keepers of the playhouse called the Cockpit in Drury • Lane, who either live in it, or have relation to it, not 'to permit plays to be acted there till further order.' Sir H. Herbert mentions nothing of this incident, nor do we know what punishment was inflicted upon the offenders, but they were most likely discharged after a short imprisonment, on an undertaking not again to infringe the direction of the Privy Council. The order continued in force for seven months, permission to act not having been again given until the 2nd of October, 1637.

The MS. in the office of the Lord Chamberlain, under date of the 10th of June, 1637, contains an instrument, for which we have hitherto seen no precedent-against the printing of plays, to the prejudice of the companies to whom they belonged, and by whom they had been bought from the authors. During the suspension of the stage in consequence of the number of deaths, in order to gratify the theatrical avidity of the public, certain printers, who had surreptitiously got manuscript plays into their hands, began to print and publish them. Complaints against them had been before made, and on this occasion the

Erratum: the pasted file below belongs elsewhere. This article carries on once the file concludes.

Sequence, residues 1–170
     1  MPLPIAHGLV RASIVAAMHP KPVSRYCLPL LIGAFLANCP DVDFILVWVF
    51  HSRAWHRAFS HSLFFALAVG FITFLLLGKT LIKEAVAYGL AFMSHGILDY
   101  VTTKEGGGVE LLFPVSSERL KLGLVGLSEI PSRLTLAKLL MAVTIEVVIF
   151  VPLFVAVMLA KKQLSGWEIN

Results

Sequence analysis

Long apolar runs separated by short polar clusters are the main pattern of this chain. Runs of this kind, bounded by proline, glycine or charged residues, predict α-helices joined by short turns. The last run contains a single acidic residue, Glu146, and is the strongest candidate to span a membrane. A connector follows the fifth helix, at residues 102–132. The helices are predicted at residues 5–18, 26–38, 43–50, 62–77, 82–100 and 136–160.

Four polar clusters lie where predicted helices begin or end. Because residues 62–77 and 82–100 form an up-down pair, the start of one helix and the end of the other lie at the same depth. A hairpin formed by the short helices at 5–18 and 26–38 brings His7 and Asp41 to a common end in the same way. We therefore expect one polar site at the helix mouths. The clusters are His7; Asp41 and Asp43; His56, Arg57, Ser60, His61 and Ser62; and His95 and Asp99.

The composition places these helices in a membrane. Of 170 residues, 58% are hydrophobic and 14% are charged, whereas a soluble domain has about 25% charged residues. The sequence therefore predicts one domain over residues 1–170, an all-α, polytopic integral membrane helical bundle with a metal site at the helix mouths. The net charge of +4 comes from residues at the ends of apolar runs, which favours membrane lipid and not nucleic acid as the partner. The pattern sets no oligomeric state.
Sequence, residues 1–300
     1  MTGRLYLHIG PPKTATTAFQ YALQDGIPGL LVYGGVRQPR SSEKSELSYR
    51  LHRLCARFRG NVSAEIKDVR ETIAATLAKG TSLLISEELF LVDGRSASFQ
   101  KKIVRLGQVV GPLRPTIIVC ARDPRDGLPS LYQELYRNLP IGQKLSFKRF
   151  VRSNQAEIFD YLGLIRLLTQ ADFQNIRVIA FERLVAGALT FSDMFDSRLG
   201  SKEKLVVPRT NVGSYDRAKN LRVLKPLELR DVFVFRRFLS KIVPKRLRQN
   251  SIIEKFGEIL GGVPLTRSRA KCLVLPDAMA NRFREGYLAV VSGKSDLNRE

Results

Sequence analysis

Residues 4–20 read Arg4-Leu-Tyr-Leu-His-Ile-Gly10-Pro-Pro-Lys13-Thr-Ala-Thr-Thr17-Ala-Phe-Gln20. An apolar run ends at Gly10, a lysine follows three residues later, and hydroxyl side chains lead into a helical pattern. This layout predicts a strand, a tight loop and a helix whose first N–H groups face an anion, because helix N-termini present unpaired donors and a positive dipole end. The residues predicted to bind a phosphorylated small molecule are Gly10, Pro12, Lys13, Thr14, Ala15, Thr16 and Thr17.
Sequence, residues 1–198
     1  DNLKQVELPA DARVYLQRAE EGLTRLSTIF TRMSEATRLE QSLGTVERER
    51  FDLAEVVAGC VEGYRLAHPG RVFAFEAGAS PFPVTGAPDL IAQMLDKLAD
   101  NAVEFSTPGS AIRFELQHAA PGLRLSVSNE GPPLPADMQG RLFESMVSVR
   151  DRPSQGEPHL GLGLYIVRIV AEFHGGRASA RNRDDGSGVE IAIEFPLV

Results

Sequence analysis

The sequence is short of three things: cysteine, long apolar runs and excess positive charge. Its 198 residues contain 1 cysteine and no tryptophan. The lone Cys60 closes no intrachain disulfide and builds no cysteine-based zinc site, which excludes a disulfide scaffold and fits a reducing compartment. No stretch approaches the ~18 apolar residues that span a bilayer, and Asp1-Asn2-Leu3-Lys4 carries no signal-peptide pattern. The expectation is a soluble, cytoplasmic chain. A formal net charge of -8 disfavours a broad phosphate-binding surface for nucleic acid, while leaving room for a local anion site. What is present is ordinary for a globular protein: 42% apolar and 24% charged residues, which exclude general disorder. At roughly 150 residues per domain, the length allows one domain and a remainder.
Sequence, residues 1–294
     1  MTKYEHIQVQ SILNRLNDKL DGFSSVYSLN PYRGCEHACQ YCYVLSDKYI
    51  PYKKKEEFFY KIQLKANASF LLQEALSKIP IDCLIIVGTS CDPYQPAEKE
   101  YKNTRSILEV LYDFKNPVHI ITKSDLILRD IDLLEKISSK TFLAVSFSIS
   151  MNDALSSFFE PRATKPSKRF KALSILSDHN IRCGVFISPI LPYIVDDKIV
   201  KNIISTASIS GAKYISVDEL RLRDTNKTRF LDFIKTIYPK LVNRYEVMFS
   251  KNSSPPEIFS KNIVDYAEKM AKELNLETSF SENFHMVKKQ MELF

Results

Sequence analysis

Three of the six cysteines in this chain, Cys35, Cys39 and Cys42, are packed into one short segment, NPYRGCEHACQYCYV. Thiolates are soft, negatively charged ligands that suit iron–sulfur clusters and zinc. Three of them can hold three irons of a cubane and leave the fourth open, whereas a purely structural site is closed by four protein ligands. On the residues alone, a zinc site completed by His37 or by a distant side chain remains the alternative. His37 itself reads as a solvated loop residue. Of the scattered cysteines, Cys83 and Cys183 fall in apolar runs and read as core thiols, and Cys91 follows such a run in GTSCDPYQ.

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• the happiest interpreter & judge of our English stage plays, this nation ever produced : which the poets and actors of these times can

not (without ingratitude) deny; for I have heard the chief & most ' ingenious acknowledge their fames & profits essentially sprung from your instruction, judgment, and fancy.'

* This is the first notice of an actor who obtained 'great distinction after the Restoration, and who, during the civil wars, bore a commission in the King's service as Major Mohun. He acted until 1685.